I have to say that I have been very impressed with Boston honouring the greats that have played before this current edition of the Bruins. Cam Neely was named as the honourary captain before Game Three while Bobby Orr was given the same honour for Game Four. While I have reviewed Stephen Brunt's book on Bobby Orr before this, I think it's only appropriate to honour Bobby Orr once more. Today, Teebz's Book Club is proud to present a book written about Bobby Orr long before I was born as we take a look at The Bobby Orr Story, written by John Devaney and published by Random House Incorporated. Mr. Devaney's look at the career and accomplishments of Bobby Orr was published back in 1973 while Orr was still a household name, so I thought it would be interesting to read about Bobby Orr's life up to that point.
I was unable to find any images of Mr. Devaney to help put a face to the writing, but I did find something that saddened me: his obituary. Mr. Devaney passed away in May of 1994 after a battle with prostate cancer. He was 68. Mr. Devaney's list of books that he wrote is impressive, though. After graduating from New York University in 1949 and after having served in World War II, Mr. Devaney "was a writer and editor at Science Illustrated, Quick and Parade magazines before becoming a freelance writer in 1961. The subjects of his books, many still in print, included World War II, sports and the lives of Presidents". The sports books included stories "about Bo Jackson, Mickey Mantle, Roger Clemens, the Stanley Cup and winners of the Heisman Trophy".
The most obvious thing I can tell you about The Bobby Orr Story, having been published in 1973, is that it certainly doesn't cover all that Bobby Orr did in his illustrious career while with the Oshawa Generals and the Boston Bruins. It does, however, provide an interesting insight into Bobby Orr's early career before knee injuries derailed his legendary status in the game of hockey.
The story starts with a glimpse into the life of a little boy from Perry Sound, Ontario who was born on March 20, 1948. There's a little bit of information on Doug Orr, Bobby's father, who also had an opportunity to suit up with the Boston Bruins at the age of 18, but Canada was at war in World Way I, and the elder Orr decided to sign up with the Canadian Navy to do his part for his country. Bobby first his the ice in the winter of 1951 at the age of three, and his father saw what a lot of fathers of first-time skaters see: Bobby was an ankle-bender.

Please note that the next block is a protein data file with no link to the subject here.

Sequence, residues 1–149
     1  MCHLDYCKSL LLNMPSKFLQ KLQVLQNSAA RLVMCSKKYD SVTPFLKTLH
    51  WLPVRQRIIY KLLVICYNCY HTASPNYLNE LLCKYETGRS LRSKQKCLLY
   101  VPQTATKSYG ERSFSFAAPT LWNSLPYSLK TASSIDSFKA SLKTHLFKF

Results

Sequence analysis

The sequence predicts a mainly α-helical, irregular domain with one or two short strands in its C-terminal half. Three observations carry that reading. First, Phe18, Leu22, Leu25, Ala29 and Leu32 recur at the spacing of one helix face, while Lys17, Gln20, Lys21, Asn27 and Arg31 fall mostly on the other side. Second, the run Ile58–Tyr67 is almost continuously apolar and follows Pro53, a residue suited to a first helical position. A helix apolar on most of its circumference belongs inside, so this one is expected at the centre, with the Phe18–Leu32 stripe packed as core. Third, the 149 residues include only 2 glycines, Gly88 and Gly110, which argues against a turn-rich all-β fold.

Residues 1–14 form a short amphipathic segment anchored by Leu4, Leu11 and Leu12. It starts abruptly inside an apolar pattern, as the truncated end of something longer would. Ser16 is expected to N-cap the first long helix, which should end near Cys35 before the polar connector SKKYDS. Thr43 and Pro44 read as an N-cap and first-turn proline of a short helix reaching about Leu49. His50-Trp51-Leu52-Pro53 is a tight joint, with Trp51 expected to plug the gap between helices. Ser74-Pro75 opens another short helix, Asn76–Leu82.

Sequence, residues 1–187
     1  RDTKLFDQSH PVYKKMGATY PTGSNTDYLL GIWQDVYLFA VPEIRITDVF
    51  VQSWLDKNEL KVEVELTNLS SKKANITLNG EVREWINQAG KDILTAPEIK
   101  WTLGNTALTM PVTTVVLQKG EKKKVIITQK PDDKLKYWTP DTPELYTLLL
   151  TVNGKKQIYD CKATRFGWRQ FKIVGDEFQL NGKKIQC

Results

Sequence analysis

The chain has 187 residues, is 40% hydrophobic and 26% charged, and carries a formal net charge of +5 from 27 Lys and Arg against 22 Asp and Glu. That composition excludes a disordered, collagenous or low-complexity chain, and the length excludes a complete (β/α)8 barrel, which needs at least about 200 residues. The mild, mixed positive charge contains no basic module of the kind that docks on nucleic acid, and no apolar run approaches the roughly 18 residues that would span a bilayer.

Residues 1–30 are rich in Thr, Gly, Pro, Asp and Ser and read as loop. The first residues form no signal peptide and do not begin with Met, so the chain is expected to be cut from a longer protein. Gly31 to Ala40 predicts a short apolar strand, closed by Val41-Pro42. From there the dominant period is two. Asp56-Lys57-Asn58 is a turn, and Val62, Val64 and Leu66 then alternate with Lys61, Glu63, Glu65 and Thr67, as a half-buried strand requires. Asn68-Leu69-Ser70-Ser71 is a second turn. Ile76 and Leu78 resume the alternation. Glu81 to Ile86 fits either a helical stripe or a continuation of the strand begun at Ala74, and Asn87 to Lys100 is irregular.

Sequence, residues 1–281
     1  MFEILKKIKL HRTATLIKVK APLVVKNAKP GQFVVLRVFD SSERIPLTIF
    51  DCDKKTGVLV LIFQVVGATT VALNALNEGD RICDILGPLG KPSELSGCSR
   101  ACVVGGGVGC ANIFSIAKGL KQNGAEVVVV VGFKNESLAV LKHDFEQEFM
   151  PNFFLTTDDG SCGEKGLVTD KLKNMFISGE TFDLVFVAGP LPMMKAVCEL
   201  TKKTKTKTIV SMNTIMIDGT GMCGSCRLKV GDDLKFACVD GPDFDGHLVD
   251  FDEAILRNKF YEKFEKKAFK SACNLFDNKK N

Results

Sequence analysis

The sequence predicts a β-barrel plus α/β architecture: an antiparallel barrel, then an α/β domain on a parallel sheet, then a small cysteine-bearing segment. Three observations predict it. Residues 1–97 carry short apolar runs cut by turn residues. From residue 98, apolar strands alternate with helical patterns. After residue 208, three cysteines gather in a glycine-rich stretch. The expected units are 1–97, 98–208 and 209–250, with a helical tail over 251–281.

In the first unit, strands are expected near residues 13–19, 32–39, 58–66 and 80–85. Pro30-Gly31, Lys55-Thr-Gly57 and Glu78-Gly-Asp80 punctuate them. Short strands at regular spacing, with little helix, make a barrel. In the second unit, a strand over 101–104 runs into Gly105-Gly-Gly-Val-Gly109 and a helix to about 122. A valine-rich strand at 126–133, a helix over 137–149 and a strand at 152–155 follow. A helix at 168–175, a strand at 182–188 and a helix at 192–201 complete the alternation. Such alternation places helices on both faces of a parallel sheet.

It was a tournament in Gananoque, Ontario that exposed Orr's talents to NHL scouts as teams had sent several men each to look for 14 year-old players who would agree to be groomed by one of the six NHL teams. Boston, which had found itself depleted of young talent, desperately needed to dig up someone special having finished in last-place in the NHL, and they had to have that player agree to be property of the Bruins. The Bruins sent president Weston Adams, general manager Lynn Patrick, and assistants Milt Schmidt and Wren Blair to Gananoque to scout two defencemen - Rick Eaton and Doug Higgins - that they thought could be difference-makers for the Bruins in the future. However, it was the scrawny #2 on the Perry Sound team that skated gracefully that caught the eyes of Schmidt and Blair! But the two Bruins executives would soon find out that #2 was twelve year-old Bobby Orr.
There are a ton of excellent quotes from various NHL personalities in The Bobby Orr Story, and Mr. Devaney has done a good job at working them in throughout the chapters. In a chapter entitled "Eighteen Speeds of Fast", Milt Schmidt spoke of the acceleration that Orr possessed.
"Bobby is deceptive," said Bruin official Milt Schmidt. "He has two speeds. And it doesn't take him the usual three, four or five strides to accelerate from one speed to another. One stride, and he's away.Everyone speaks of Wayne Gretzky's ability to get to where the puck is going to be rather than waiting for the puck to him, but people saw this same vision on the ice in Orr years before they did in Gretzky. Lynn Patrick saw the sixteen year-old Orr with the Oshawa Generals, and knew the Bruins had someone special.
Ted Green disagreed with his boss. "He's got 18 speeds of fast," Green said, "and I don't think he's reached his fastest speed yet."
"He amazes me every time I see him," said the Bruins' Lynn Patrick. "The way he can anticipate what's going to happen is sometimes uncanny. He senses where the puck is going to be and moves there even before the puck does."One of the best chapters in the book is entitled "... A Genuinely Good Person". It is in this chapter that Mr. Devaney shows how humble and personable that Bobby Orr was during the height of his career. During a celebration on July 4, 1970 in Parry Sound - a day known as "Bobby Orr Day" - Orr saw more than 40,000 people show up to honour him, and he didn't turn anyone away from a photo or an autograph. He spent more time working for charities and giving money and personal items away to help the people who made him a superstar - the fans. It was a very insightful chapter, and it speaks volumes to the amazing character of Bobby Orr.
The Bobby Orr Story itself isn't a long read as it only contains 152 pages including the index, and the book is written for a more adolescent audience. There are some amazing black-and-white photographs of Bobby Orr that separate each chapter showing Orr in action on the ice and his usual likeable self off the ice. Mr. Devaney's work in the book is very good, and he gets great quotations from everyone he interviewed. While Mr. Devaney may not be here to accept the kudos, The Bobby Orr Story certainly deserves the Teebz's Book Club Seal of Approval for providing a very good look at Bobby Orr while he was still a major superstar. If you can find this book for a low price, I highly recommend picking it up for your up-and-coming superstar!
Until next time, keep your sticks on the ice!